American Political Science Review

Research Article

Unpacking the Black Box of Causality: Learning about Causal Mechanisms from Experimental and Observational Studies

KOSUKE IMAIa1 c1, LUKE KEELEa2 c2, DUSTIN TINGLEYa3 c3 and TEPPEI YAMAMOTOa4 c4

a1 Princeton University

a2 Pennsylvania State University

a3 Harvard University

a4 Massachusetts Institute of Technology

Abstract

Identifying causal mechanisms is a fundamental goal of social science. Researchers seek to study not only whether one variable affects another but also how such a causal relationship arises. Yet commonly used statistical methods for identifying causal mechanisms rely upon untestable assumptions and are often inappropriate even under those assumptions. Randomizing treatment and intermediate variables is also insufficient. Despite these difficulties, the study of causal mechanisms is too important to abandon. We make three contributions to improve research on causal mechanisms. First, we present a minimum set of assumptions required under standard designs of experimental and observational studies and develop a general algorithm for estimating causal mediation effects. Second, we provide a method for assessing the sensitivity of conclusions to potential violations of a key assumption. Third, we offer alternative research designs for identifying causal mechanisms under weaker assumptions. The proposed approach is illustrated using media framing experiments and incumbency advantage studies.

(Online publication November 10 2011)

Correspondence:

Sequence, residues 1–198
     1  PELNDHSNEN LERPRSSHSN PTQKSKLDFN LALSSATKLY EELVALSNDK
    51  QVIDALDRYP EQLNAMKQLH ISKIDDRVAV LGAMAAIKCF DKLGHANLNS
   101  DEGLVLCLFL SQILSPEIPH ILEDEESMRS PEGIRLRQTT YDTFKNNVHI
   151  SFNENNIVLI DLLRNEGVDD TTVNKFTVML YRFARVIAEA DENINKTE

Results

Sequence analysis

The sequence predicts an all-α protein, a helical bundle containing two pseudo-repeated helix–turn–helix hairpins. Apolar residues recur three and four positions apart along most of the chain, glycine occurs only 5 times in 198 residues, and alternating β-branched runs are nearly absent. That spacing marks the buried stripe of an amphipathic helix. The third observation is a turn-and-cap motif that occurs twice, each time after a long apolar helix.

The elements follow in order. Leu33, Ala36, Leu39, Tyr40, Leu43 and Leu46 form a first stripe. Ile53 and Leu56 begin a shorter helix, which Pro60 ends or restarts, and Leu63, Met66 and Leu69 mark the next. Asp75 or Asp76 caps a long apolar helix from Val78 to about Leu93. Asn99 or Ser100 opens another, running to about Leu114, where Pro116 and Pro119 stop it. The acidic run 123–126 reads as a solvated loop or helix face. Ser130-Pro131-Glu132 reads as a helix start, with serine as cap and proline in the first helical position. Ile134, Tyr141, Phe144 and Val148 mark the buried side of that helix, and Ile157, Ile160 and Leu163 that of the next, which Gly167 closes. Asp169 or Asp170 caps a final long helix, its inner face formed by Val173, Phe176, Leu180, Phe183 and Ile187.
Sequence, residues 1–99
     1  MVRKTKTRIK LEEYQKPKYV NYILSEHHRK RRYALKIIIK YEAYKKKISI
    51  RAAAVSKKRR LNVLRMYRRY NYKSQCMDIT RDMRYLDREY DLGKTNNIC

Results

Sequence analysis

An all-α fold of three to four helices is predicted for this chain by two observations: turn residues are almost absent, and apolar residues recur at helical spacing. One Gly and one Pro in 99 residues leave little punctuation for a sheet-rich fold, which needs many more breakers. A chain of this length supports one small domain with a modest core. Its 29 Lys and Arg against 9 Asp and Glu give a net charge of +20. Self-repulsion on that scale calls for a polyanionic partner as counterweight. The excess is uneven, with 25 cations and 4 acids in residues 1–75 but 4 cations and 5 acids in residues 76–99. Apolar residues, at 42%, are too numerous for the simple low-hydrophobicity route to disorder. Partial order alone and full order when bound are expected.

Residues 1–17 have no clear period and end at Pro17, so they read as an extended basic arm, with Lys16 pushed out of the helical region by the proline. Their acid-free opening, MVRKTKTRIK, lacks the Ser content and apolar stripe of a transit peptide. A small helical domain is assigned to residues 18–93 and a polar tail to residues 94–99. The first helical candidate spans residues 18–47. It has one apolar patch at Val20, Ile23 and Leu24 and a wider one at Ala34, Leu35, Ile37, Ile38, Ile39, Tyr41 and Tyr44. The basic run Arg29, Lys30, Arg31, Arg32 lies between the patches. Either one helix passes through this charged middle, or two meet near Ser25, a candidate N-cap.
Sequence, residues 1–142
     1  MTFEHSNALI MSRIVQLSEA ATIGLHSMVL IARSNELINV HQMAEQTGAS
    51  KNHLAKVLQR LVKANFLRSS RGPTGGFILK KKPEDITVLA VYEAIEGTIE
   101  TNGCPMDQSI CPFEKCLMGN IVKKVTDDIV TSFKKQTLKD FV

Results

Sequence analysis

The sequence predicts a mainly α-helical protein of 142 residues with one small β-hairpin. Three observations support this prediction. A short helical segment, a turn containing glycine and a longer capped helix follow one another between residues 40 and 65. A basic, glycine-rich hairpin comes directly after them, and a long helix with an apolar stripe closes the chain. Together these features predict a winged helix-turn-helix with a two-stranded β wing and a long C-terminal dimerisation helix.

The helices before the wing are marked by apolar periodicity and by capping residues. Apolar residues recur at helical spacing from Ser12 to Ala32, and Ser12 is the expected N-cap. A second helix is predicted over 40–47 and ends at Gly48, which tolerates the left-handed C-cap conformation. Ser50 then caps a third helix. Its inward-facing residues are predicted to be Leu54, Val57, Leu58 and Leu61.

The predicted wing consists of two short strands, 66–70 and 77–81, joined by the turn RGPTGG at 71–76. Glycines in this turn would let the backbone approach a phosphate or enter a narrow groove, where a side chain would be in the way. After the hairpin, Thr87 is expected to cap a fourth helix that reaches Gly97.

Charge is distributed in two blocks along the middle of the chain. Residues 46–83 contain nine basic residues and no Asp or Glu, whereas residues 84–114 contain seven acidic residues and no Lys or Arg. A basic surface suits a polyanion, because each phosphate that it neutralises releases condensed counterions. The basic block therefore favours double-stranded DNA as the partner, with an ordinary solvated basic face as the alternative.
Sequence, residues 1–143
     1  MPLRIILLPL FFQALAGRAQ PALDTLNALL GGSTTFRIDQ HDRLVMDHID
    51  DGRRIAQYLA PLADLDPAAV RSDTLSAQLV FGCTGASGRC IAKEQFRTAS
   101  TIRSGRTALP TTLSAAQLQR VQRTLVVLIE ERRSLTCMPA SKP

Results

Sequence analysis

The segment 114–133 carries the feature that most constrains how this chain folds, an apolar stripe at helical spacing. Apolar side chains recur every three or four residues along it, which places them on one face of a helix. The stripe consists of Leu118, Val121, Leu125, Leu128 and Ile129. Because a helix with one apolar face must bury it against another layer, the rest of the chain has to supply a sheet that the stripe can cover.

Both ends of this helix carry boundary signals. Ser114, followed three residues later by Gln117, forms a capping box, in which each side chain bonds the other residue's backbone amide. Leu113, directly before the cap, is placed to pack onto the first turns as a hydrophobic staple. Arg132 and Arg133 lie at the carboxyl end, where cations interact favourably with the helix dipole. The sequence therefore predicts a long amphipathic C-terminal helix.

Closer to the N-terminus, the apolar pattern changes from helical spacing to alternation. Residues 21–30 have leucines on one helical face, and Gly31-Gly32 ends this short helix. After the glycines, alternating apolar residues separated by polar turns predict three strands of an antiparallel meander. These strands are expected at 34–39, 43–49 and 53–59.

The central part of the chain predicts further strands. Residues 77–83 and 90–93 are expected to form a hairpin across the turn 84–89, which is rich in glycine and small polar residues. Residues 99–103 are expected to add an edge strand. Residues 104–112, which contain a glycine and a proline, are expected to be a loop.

c1 Kosuke Imai is Associate Professor, Department of Politics, Princeton University, Corwin Hall 036, Princeton NJ 08544 (kimai@princeton.edu).

c2 Luke Keele is Assistant Professor, Department of Political Science, Pennsylvania State University, 211 Pond Lab, University Park, PA 16802 (ljk20@psu.edu).

c3 Dustin Tingley is Assistant Professor, Department of Government, Harvard University, 1737 Cambridge Street, CGIS Knafel Building 208, Cambridge MA 02138 (dtingley@gov.harvard.edu).

c4 Teppei Yamamoto is Assistant Professor, Department of Political Science, Massachusetts Institute of Technology, 77 Massachusetts Avenue, Cambridge, MA 02139 (teppei@mit.edu).

Footnotes

The companion articles that present technical aspects of the methods introduced here are available as Imai, Keele, and Tingley (2010), and Imai, Keele, Tingley, and Yamamoto (2010, 2011). All of our proposed methods can be implemented via an R package, mediation (Imai et al. 2010), which is freely available for download at the Comprehensive R Archive Network (http://cran.r-project.org/web/packages/mediation). A Stata package mediation by Raymond Hicks and Tingley is available at IDEAS (http://ideas.repec.org/c/boc/bocode/s457294.html). The replication archive for this article is available as Imai et al. (2011). We thank Ted Brader, Gary Jacobson, and Jonathan Katz for providing us with their data. We also thank Christina Davis, Michael Donnelly, Kevin Esterling, Marty Gilens, Don Green, Simon Jackman, Gary King, Arthur Lupia, Rose McDermott, Tali Mendelberg, Marcus Prior, Cesar Zucco, and participants at the West Coast Experiment Conference, the NSF Conference on Politics Experiments, and the Institute of Statistical Mathematics Summer Lecture Series, as well as seminar participants at Northwestern University and the University of Chicago for helpful suggestions. Comments from an APSR co-editor and three anonymous reviewers significantly improved the presentation of this article. Imai acknowledges financial support from the National Science Foundation (SES-0849715 and SES-0918968).

Metrics